Genealogy How Tos

Top 10 tips for beginner genealogists

So, you want to start a family tree? Here are my top 10 tips, gleaned from many years of trial and error:

  1. Go ahead and sign up for (or the .com equivalent). If you’re serious about this, try the one month subscription as a trial. I have a copy of Ancestry Canada, and for the rest, I go to the library. (Hot tip: it might be free at your library, too.)
  2. You might find it easier to begin at the end, by which I mean searching for registrations of deaths. Depending on the year, you may be able to find these online via provincial vital statistics, and they are a wealth of factual detail: date of birth, place of birth, and the names of the parents, to name some of the major facts available.
  3. You’ll quickly learn that genealogy is the search for everything. This is a joy and a curse. You can really get lost in the details. For example, beyond your grandmother’s maiden name, where did she go to school? Who was her maid of honour? Was she married more than once? Did she serve in the war? Does she have siblings or children she didn’t tell you about? How tall was she? What colour was her hair? Did she travel to the USA, or to Europe, and was it by car or by boat? Who were her neighbours and friends? This is just the beginning.
  4. You’ll also soon realize that even if you find the records, they may not be all that accurate. Census takers may have had terrible penmanship, or couldn’t spell the family names, or the person answering the census might have been lying about any number of issues.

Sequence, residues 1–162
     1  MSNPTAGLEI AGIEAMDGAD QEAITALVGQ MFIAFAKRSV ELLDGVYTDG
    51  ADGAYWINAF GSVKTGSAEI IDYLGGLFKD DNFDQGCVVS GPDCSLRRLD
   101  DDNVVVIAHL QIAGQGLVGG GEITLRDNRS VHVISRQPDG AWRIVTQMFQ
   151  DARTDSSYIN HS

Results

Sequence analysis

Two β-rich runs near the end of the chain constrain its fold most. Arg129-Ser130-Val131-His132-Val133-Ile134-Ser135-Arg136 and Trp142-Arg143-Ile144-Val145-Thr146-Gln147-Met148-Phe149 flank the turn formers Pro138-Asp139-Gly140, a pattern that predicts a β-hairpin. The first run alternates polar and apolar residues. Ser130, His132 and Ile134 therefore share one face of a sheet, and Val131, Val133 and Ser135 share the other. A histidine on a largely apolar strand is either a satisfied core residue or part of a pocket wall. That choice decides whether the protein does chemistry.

5. Take your time carefully reviewing every record you find. Read everything: the content, the borders, and the notations added in ink after the fact. This will not be as easy as it sounds. See the featured image sample.
  6. Related to the above, download a copy of everything you find. (Yes, you can attach it in Ancestry, but what if you cancel your subscription later?)
  7. Avoid connecting your family tree to other family trees you’ll find under Ancestry hints. Use the hints, just don’t accept someone else’s work without a serious amount of fact checking first. Not everyone is as diligent as you, and you really want to avoid having to eliminate whole family lines later. (Yes, this happens.)
  8. Read a few How Tos once you’ve gotten familiar with what you’re doing. It’ll make a lot more sense, and be relevant to the questions you’re having.
  9. Take notes. If you’re not sure what’s going to be relevant or important, you can try using pre-made blank forms like this one.
  10. After you’ve been researching a family line for a while, go back over your records and read everything again. You will have learned a great deal more by this time, and so you may see something you missed on the first review. This will save major frustration later, when you have spent time and money acquiring records that you later realize you already own.
Sample census from 1861

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